The Housing Wars Hit the Beach

By Joe Eskenazi : modernluxury – excerpt

In a quest to densify San Francisco’s west side, the city is kicking sand on some angry neighbors. 

San Francisco’s most ambitious development schemes may well be hatched in smoke-filled antechambers or atop corporate-logoed skyscrapers. But the grand plans to derail those grand plans tend to be born in underheated meeting rooms in unglamorous city structures stocked with store-brand potato chips and dip.

That was the case in mid-November, when around 20 fleece-wearing San Francisco residents—all of them aged 50 or over, many of them homeowners on the city’s west side—trundled out of the fog and into the County Fair Building in Golden Gate Park. On tap was a strategy session, hosted by the Coalition for San Francisco Neighborhoods, with a single agenda item: Undermine a city plan to build thousands of homes in the coming decades, including perhaps 1,000 in the low-slung Sunset and Richmond districts. The top-down plan, fomented by the Planning Department and Mayor’s Office and marshaled by west-side supervisor Katy Tang, is not to the coalition’s liking. The group’s leaders decry it as a devious plot to enrich developers and drive long-standing San Franciscans out of the city. They foresee it spreading the same pestilence that has already afflicted other neighborhoods: waves of wealthy techie arrivistes, intent on disrupting the quaint character that west-side homeowners have cultivated all these years.

“You may not feel it for a year or two years,” warned CSFN president George Wooding of the slippery slope to a denser, taller west side. “But one day it’ll be in your backyard, and you won’t know what hit you.”…

Please note: Most of the people at the above mentioned gathering spent years working to protect the Eastern Neighborhoods long before the plan was hatched to bring the monster into their neighborhoods. They are not NIMBYS. They care deeply about the integrity of the entire city and oppose the plans to Manhattanize it. – Editor’s comment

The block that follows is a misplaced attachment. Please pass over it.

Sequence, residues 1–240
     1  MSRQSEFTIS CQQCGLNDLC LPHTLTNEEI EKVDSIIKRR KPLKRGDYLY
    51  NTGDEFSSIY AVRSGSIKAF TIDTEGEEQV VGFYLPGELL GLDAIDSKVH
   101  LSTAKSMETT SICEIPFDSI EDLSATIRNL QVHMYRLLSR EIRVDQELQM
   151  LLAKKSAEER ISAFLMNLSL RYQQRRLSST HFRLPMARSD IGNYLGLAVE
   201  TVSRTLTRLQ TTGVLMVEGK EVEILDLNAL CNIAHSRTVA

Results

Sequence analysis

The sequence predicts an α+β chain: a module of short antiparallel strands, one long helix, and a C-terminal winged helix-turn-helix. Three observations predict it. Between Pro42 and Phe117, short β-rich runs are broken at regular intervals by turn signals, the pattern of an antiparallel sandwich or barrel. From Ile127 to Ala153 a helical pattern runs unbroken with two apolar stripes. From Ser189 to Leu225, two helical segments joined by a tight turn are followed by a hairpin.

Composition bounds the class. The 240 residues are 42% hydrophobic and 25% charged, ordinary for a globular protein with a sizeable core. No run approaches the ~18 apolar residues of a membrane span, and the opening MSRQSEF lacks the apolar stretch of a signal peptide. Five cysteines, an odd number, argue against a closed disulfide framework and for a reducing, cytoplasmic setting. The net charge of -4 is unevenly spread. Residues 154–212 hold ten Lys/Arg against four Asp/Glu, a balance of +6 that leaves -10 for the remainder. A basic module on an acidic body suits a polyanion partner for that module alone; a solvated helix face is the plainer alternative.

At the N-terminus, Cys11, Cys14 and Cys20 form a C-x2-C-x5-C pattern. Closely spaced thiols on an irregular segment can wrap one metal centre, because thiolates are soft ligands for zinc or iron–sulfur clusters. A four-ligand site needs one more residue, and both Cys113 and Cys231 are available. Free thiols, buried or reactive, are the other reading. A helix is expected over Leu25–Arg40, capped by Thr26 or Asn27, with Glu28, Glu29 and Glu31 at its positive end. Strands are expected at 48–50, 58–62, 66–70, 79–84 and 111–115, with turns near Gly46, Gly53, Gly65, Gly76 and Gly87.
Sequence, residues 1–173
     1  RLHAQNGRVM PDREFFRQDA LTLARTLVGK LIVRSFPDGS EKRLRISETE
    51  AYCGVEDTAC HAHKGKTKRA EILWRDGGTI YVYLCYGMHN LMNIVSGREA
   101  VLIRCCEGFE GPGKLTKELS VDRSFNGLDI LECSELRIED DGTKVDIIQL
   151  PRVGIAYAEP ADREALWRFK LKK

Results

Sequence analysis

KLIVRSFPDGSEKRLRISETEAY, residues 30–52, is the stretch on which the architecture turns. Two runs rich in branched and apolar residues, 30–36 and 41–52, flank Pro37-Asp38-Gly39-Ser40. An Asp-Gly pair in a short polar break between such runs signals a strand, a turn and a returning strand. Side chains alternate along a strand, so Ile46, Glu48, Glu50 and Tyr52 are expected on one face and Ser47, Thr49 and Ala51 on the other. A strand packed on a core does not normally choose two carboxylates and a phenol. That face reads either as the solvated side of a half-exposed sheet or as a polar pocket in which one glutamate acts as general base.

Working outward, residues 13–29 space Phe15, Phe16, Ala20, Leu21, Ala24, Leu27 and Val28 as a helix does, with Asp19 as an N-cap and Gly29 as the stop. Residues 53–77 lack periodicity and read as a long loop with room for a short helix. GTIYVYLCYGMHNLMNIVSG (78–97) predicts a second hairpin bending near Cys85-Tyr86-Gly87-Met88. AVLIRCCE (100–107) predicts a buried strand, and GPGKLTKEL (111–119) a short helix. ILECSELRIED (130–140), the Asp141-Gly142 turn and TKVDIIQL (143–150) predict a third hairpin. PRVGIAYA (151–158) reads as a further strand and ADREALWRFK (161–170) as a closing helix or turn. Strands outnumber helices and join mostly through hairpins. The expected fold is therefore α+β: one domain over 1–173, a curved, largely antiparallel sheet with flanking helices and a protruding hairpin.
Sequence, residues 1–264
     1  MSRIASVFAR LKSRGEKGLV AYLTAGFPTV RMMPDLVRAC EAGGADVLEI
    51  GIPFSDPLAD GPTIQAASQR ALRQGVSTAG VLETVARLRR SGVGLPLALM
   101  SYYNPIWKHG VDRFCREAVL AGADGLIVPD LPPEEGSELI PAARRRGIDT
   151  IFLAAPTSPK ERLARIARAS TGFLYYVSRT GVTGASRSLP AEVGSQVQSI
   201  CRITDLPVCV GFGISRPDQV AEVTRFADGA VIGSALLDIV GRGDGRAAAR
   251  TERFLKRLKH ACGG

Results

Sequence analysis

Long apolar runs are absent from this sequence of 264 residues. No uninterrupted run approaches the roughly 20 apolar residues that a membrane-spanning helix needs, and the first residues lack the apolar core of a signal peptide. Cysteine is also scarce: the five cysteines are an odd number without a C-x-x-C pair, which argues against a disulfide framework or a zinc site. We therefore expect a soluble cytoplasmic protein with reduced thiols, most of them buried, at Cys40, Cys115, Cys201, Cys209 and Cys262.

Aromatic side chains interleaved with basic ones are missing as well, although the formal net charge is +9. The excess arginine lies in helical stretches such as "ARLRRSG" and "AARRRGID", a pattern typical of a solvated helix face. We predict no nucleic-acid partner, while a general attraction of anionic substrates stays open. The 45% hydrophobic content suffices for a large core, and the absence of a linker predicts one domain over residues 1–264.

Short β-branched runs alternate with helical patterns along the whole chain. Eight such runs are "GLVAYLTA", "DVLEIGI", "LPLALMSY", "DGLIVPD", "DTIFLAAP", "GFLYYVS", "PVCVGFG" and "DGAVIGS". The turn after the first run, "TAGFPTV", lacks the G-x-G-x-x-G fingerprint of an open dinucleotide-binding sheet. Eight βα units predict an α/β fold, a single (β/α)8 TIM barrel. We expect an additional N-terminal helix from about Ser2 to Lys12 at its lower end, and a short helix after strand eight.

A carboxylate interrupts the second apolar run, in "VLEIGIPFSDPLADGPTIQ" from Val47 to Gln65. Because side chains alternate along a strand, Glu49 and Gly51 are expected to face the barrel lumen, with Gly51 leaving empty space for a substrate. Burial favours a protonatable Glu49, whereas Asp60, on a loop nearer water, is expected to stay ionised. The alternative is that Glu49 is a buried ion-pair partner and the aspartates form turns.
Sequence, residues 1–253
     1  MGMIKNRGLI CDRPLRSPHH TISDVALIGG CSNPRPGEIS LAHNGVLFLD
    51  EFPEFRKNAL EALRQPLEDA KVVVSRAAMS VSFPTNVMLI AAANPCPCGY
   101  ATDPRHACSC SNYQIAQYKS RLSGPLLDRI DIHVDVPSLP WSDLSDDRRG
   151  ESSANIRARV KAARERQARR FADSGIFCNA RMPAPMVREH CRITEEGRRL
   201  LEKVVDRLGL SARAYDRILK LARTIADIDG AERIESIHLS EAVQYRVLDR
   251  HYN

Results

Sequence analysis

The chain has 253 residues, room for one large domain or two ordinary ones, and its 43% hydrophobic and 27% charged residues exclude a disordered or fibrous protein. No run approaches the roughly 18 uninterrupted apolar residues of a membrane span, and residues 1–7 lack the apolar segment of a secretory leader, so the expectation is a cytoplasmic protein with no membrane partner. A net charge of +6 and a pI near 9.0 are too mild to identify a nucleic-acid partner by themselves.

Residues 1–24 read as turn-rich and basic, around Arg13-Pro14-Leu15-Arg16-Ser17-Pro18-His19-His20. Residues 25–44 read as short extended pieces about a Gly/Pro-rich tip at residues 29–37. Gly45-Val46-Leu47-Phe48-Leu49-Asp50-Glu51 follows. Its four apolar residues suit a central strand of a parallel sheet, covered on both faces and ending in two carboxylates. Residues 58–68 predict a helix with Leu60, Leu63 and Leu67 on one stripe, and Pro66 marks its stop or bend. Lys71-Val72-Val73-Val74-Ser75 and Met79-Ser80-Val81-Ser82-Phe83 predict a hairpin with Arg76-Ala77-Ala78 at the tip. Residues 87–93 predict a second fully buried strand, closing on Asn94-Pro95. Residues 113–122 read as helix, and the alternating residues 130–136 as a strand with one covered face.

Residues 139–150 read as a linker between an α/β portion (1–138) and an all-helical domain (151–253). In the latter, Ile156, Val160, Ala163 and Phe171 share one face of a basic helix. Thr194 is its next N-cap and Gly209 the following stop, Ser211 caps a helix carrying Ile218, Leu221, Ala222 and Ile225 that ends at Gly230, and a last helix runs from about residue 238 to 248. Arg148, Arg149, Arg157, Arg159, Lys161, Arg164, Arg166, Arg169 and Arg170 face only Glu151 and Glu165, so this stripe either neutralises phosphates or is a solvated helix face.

But they may soon have little choice. The point of conflict is city hall’s long-gestating plan to shoehorn perhaps 16,000 more units into the city by offering developers so-called density bonuses: city-planning concessions that allow builders to erect taller, broader structures in exchange for including a sizable percentage of affordable housing without sucking up public subsidies. On the west side, the program could bring 1,000 additional units along transit corridors like Judah, Noriega, and Taraval—hardly a building bonanza, but still a serious reversal after a decades-long dry spell.

The initiative is deftly titled the Affordable Housing Bonus Program—a city hall–coined term that puts the CSFN activists in the unenviable position of arguing against affordable housing. It’s like disparaging “motherhood and apple pie,” groans Kathy Devincenzi, a representative from the Laurel Heights Improvement Association. And yet, even in a city deficient in affordable housing, pushing for an influx of more is a risky move. People like the idea of more housing, but not when it drops shadows across their backyard…

Learn more about the Affordable Housing Bonus Programs:

But could developers, as west-side denizens warn, erect seven-story towers and create an Ocean Beach Riviera? City politicos squirm in their chairs at that question, because the answer is actually yes. It’s possible—just as it’s possible for the Warriors to go 82–0—but it’s not probable. Regardless, the nightmare vision of monoliths sprouting on the Great Highway is too good for the CSFN to let pass: At the November meeting, one man proposed toting a 70-foot pole to City Hall to illustrate what he fears will block Sunset residents’ view of the sunset…

But could developers demolish a building and jettison small, local, ground-floor businesses that would never be able to afford the rent in the new structure? The answer is yes. And could they, as Welch foretells, raze a rent-controlled apartment building and then reap a bonus for producing a new structure in which most of the affordable units are earmarked for six-figure earners? Yes—though Tang pledges that “tenant protections are something that is absolutely going to happen” as the city’s plan evolves… (more)


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